The U.S. Employment Opportunity Commission (EEOC) recently announced a record number of employment discrimination cases in 2011. In addition, two separate pieces on allegations of local religious discrimination were run in the Kansas City Star. Unfortunately, it appears rates of discrimination and harassment continue to grow on both a national and local scale.
Local Case Causing Community Uproar
An ex-officer is suing his former employer citing religious discrimination when the police department refused requests to return to work after his wife succumbed to a month-long illness without seeing a doctor, reports the Kansas City Star.
There is speculation the wife’s death is related to complications from a difficult labor that resulted in the death of their newborn daughter a month earlier. The deaths sparked a public outcry, with the community asking how a public servant could justify not providing proper emergency care to his own family members.
Employment Discrimination Based on Religious Beliefs
The officer stated that his religion required a focus on prayer and worship as opposed to medical interventions. Although religious discrimination laws require employers to accommodate various religious practices, they do not require retaining employees whose beliefs interfere with the job.
In this instance, concern was voiced by the community regarding how the officer would respond to emergency situations.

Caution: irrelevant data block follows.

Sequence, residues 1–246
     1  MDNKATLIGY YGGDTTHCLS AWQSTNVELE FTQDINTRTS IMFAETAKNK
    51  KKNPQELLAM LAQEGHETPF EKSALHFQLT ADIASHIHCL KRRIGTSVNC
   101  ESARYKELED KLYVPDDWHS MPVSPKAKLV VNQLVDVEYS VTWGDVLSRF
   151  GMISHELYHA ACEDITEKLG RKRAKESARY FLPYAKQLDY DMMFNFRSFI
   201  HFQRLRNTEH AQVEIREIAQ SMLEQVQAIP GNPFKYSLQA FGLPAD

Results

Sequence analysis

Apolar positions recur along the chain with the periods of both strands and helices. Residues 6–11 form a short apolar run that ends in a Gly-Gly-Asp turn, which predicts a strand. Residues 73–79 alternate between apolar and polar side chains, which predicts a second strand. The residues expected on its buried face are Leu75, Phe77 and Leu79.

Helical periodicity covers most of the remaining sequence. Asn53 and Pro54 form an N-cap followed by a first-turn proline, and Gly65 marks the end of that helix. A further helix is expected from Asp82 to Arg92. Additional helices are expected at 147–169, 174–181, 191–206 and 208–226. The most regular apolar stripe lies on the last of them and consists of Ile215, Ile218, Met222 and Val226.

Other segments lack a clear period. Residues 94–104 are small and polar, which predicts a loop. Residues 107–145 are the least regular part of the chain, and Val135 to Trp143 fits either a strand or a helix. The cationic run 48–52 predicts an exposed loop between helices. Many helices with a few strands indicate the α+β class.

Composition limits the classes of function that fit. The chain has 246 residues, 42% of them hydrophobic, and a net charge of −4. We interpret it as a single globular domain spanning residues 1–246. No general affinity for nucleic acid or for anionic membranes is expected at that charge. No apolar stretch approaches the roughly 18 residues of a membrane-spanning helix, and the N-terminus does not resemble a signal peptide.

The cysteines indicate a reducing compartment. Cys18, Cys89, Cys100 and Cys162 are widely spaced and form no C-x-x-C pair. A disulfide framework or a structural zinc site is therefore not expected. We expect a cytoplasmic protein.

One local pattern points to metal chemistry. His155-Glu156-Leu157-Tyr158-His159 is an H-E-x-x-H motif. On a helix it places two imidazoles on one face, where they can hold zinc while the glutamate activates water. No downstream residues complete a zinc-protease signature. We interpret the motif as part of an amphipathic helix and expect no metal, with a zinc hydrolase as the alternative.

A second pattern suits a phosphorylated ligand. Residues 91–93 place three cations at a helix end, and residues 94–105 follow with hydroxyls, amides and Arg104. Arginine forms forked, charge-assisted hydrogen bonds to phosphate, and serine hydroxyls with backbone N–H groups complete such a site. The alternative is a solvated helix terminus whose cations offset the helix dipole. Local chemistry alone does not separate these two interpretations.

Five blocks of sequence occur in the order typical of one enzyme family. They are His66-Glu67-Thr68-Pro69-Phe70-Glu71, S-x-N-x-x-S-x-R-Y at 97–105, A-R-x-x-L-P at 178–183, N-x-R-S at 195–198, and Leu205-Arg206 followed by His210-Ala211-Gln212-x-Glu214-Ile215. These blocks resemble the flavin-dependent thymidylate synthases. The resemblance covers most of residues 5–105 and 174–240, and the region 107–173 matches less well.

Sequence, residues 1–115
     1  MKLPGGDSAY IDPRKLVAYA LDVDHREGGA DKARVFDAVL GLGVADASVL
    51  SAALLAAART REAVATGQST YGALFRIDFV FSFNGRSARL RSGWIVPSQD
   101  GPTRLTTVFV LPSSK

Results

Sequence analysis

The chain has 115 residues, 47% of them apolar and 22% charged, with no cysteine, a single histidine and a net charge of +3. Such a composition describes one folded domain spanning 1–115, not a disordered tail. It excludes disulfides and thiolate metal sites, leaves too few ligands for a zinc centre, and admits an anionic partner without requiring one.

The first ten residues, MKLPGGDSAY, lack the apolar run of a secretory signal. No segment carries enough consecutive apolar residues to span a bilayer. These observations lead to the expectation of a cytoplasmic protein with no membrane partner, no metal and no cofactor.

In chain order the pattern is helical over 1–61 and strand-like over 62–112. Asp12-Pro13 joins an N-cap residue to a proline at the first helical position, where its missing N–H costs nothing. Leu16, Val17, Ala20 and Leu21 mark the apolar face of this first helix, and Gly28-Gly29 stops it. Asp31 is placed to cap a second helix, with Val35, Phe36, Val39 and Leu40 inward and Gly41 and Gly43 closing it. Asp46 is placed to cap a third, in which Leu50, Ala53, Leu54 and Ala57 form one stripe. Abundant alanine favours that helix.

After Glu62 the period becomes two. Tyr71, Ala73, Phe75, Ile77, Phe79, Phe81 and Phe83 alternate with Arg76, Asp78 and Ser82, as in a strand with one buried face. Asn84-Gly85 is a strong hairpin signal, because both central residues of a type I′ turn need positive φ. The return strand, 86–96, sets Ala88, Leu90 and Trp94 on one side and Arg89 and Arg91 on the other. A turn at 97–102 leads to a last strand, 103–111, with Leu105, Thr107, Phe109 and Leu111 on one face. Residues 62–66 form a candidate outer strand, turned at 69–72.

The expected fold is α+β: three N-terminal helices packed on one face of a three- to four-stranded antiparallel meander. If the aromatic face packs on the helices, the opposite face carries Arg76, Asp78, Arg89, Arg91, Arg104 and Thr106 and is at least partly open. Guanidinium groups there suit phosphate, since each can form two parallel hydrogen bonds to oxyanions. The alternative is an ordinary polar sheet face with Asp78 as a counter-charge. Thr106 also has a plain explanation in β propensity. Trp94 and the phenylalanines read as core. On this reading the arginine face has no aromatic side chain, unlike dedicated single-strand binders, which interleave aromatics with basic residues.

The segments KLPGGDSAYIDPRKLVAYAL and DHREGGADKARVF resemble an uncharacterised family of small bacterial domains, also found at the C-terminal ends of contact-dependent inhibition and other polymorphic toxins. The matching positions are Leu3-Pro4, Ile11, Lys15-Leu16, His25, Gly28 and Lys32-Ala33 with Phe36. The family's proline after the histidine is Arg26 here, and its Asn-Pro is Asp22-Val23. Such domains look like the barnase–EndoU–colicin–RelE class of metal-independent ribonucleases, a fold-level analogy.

Many Forms of Employment Discrimination
Although the recent local case brings attention to this form of discrimination, it is only one type in a broad spectrum of possibilities. The most common forms of employment discrimination according to the EEOC are:
Employees are protected from these forms of discrimination through the Missouri Human Rights Act.
Filing a Claim and Remedies Available
The first step to take when you believe your employer may have acted adversely against you based on your age, race, disability or sex, is to promptly file a claim with the appropriate agency. In Missouri, complaints are filed with the Missouri Commission on Human Rights and must be filed within 180 days of the discriminatory act. Once filed, an investigation begins and a determination is made.
If discrimination is present, a hearing will be held. Following the hearing, if an affirmative ruling is issued remedies are ordered and can include compensation for lost wages and damages for pain and suffering. When no discrimination is found the case is dismissed.
The process can be difficult to navigate, and the guidance of an experienced employment discrimination attorney is recommended to ensure all legal rights and remedies are protected.